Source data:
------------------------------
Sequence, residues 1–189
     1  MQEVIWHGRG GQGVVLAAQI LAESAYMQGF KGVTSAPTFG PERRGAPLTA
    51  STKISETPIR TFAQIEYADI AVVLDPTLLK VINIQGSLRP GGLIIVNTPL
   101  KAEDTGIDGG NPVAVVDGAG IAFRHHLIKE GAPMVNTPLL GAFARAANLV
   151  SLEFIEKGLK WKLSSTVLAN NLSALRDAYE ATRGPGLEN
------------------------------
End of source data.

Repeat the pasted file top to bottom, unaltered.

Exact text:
Sequence, residues 1–189
     1  MQEVIWHGRG GQGVVLAAQI LAESAYMQGF KGVTSAPTFG PERRGAPLTA
    51  STKISETPIR TFAQIEYADI AVVLDPTLLK VINIQGSLRP GGLIIVNTPL
   101  KAEDTGIDGG NPVAVVDGAG IAFRHHLIKE GAPMVNTPLL GAFARAANLV
   151  SLEFIEKGLK WKLSSTVLAN NLSALRDAYE ATRGPGLEN